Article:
LC Fabrications Triumph TT Deluxe


Among the participants in the Free Style Class of the 2009 AMD World Championship Of Bike Building, I like very much this bike and I know why.

A somewhat unusual design, a Triumph engine (Bonneville 865 cc) and transmission, a Girder front end, a mini conical drum front brake, Jackshaft mounted drum in the rear, inverted hand control levers, a simple and well detailed 2 in 1 exhaust, copper lines and…no chrome.

Jeremy Cupp got a 6th place trophy and he should be very proud of it. LC Fabrications (pictures HRF).

17 Responses to “LC Fabrications Triumph TT Deluxe”

  1. 1 Kirk Perry Aug 15th, 2009 at 8:54 am

    “copper lines” ?
    Hope they don’t vibrate and crack.
    Nice assembly.
    I think the trend is filling the customer’s wants. New style motors with antique appointments, and a machine that doesn’t look like a production bike, but a dangerous death ride.

  2. 2 Lyle Aug 15th, 2009 at 11:45 am

    If soft copper is used for the lines and there’s enough “give” in them, they won’t break. This is how most bikes were plumbed back in the day when the roads were rough and the machines shook more. I like the overall lines of the bike but what is the purpose of the jack shaft, except for wrapping a brake band around? If the rear chain ever breaks, you lose your brakes too. Nice craftsmanship however. Good to see modern Triumphs in the custom scene!

  3. 3 Kirk Perry Aug 15th, 2009 at 11:46 am

    You know, the more I look at that motor, it looks to me like one of those un-corked, free atmosphere breathing, baby killing, global warming, cancer causing, so called “free style” motorcycles.
    Well, I guess if enough “Free Style” builders built them, that we’d get enough people to in act that all important “Item G.” (one emissions free kit per person, per lifetime) that’s just sitting there approved and waiting to be used.
    Call the hall (the AMA®), they’ll agree with me. 🙂
    V-Twin® won’t ever make real 3.5 gallon tanks, but you British guys can force change because you can produce parts that fit and those Brit-kits will be cheaper to build than a 1955-57 OHV Big Twin. So there you go.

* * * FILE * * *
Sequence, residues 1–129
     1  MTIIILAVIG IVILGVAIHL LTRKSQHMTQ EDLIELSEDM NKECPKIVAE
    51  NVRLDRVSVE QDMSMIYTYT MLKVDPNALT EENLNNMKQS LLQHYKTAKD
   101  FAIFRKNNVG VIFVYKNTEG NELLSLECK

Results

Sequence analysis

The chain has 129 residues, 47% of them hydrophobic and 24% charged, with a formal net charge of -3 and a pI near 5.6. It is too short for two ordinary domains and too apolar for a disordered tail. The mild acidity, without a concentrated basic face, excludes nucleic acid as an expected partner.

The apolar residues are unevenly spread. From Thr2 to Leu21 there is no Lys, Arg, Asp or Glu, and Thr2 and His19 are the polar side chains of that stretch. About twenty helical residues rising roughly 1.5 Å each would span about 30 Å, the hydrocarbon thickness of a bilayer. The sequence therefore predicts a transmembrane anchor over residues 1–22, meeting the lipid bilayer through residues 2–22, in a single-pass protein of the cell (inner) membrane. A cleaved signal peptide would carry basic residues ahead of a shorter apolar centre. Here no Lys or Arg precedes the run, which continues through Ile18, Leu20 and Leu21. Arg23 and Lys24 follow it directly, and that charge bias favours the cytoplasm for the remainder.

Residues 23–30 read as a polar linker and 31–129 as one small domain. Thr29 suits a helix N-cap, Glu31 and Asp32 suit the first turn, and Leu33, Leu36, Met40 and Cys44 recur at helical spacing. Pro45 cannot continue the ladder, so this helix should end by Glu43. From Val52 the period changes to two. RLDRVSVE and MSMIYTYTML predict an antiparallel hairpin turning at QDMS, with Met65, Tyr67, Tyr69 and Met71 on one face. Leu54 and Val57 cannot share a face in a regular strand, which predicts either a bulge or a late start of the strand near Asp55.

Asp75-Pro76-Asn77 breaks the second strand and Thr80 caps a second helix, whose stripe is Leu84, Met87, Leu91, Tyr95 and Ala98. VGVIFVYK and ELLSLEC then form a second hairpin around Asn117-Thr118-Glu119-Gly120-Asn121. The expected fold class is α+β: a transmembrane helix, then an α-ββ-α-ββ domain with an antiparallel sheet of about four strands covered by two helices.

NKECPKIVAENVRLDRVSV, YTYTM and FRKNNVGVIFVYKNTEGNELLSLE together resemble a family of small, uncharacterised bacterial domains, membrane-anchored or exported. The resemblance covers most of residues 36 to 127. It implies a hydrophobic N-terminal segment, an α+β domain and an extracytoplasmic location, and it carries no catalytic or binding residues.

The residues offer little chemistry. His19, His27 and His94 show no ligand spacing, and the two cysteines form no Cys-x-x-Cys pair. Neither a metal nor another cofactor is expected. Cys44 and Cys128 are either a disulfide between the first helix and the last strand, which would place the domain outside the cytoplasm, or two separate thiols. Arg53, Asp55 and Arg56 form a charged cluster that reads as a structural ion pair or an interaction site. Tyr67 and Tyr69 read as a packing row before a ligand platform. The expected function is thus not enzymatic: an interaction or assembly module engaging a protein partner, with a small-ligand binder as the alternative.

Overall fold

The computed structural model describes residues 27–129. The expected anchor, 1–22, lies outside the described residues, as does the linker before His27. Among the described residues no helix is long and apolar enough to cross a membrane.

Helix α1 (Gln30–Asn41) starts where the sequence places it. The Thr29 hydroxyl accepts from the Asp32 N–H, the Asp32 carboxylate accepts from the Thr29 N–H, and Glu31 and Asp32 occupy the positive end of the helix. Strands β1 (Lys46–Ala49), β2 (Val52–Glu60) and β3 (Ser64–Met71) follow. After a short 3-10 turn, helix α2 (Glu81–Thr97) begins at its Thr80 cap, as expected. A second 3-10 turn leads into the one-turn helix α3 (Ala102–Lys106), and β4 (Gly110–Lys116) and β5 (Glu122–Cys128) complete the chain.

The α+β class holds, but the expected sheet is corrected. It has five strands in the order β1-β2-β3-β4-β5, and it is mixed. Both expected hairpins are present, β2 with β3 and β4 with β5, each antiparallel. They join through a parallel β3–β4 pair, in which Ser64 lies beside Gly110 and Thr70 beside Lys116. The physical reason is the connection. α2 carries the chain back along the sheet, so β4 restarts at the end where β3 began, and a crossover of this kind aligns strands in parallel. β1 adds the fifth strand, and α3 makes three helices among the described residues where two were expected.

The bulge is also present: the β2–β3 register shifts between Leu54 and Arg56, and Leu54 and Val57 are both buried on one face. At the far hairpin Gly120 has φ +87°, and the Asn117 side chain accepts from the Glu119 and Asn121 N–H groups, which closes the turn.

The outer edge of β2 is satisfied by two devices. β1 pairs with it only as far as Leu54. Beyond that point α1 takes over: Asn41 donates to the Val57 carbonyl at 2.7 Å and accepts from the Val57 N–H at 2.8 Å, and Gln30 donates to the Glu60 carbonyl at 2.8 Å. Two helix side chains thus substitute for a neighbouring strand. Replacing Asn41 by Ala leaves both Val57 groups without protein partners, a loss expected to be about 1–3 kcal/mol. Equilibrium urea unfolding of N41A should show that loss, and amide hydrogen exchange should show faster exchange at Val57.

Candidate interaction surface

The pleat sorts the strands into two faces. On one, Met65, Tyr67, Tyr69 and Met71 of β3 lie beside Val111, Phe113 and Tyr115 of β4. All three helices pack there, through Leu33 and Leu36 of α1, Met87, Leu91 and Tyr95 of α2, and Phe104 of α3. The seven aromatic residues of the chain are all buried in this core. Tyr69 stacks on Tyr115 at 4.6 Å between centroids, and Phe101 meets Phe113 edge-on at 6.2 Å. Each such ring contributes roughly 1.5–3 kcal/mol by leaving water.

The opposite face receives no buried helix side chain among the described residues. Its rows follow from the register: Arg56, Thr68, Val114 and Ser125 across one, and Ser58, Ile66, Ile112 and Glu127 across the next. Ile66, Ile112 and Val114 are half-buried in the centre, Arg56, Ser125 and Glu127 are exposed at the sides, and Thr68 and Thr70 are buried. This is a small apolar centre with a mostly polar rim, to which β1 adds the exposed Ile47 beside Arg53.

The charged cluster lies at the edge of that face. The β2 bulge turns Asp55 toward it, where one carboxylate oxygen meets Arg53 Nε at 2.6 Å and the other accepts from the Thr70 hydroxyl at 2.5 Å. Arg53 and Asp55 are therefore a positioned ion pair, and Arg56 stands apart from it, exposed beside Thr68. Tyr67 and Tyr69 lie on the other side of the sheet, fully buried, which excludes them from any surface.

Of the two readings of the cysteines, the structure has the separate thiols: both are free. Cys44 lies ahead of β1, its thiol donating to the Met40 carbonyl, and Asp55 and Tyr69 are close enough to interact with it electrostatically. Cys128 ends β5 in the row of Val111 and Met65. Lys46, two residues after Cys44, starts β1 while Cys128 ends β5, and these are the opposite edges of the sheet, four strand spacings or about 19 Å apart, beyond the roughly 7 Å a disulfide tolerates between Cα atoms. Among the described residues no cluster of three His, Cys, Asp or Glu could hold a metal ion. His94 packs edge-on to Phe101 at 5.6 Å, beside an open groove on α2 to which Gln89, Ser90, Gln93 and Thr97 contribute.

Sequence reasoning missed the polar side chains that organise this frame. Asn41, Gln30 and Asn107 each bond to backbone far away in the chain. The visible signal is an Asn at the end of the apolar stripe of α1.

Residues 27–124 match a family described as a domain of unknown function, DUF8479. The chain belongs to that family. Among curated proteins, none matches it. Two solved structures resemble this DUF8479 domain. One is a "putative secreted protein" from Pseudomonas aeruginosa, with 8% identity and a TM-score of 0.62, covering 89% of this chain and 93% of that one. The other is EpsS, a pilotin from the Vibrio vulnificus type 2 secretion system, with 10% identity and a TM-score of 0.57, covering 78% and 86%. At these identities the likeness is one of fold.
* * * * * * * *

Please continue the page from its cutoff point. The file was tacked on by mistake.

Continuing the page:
Maybe you convince V-Twin® to get out of the Knuckle and Panhead parts business and start carrying British, affordable, Item G. (protected) kits instead of floundering around with 1955-57 OHV. They can’t build replica 3.5 tanks. They’re beat.

  4. 4 Kirk Perry Aug 15th, 2009 at 12:05 pm

    “If soft copper is used for the lines and there’s enough “give” in them, they won’t break.”

    Actually just the opposite, they’ll flex, work-harden and crack. If they used copper in the early days, then there was a reason they changed to steel lines.

  5. 5 Kirk Perry Aug 15th, 2009 at 1:48 pm

    This would be the avenue to take if someone wanted to produce parts for one-per lifetime-emissions exempt kits. Item G. is ready to be implemented. Triumph® or early OHV Big Twin. Somebody.

    EPA Guidelines

    G. Exemption for Motorcycle Kits and Custom Motorcycles
    (note: shortened from the original)

    “…..for those individuals who put together a SINGLE motorcycle
    for individual use, we believe it is appropriate to NOT require
    these entities to have to certify their assembled vehicles. Therefore,
    we are promulgating provisions for two special exemptions. The first is
    a one-time exemption for any person building a motorcycle from a kit
    for individual use. We believe that the small benefit of having single
    individuals certify to the standards is outweighed by the substantial
    burden to these individuals in certifying. Moreover, because the
    engines in such kits generally are built by the same companies as those
    engines going to the small volume motorcycle manufacturers, who still
    must certify and who will represent the majority of the engine-makers’
    production, we believe that most of the engines will be the same or
    very similar to the engines used in the certified motorcycles.
    Individuals may not use this provision as a regulatory loophole to
    modify or customize a certified motorcycle in a manner which adversely
    affects emissions. This provision is limited to one motorcycle per
    individual over the life of the provision.
    In the case where the owner of the kit motorcycle is not the
    assembler of the motorcycle, the limitation of one motorcycle per
    person applies to the purchaser of the kit components of the
    motorcycle, who we expect is the end user of the motorcycle, rather
    than to the person or persons who actually assemble the motorcycle. A
    kit purchaser may have the kit assembled by another party and retain
    the ONE-TIME EXEMPTION for the motorcycle. In order to qualify for the
    exemption under these circumstances, the kit must be purchased by the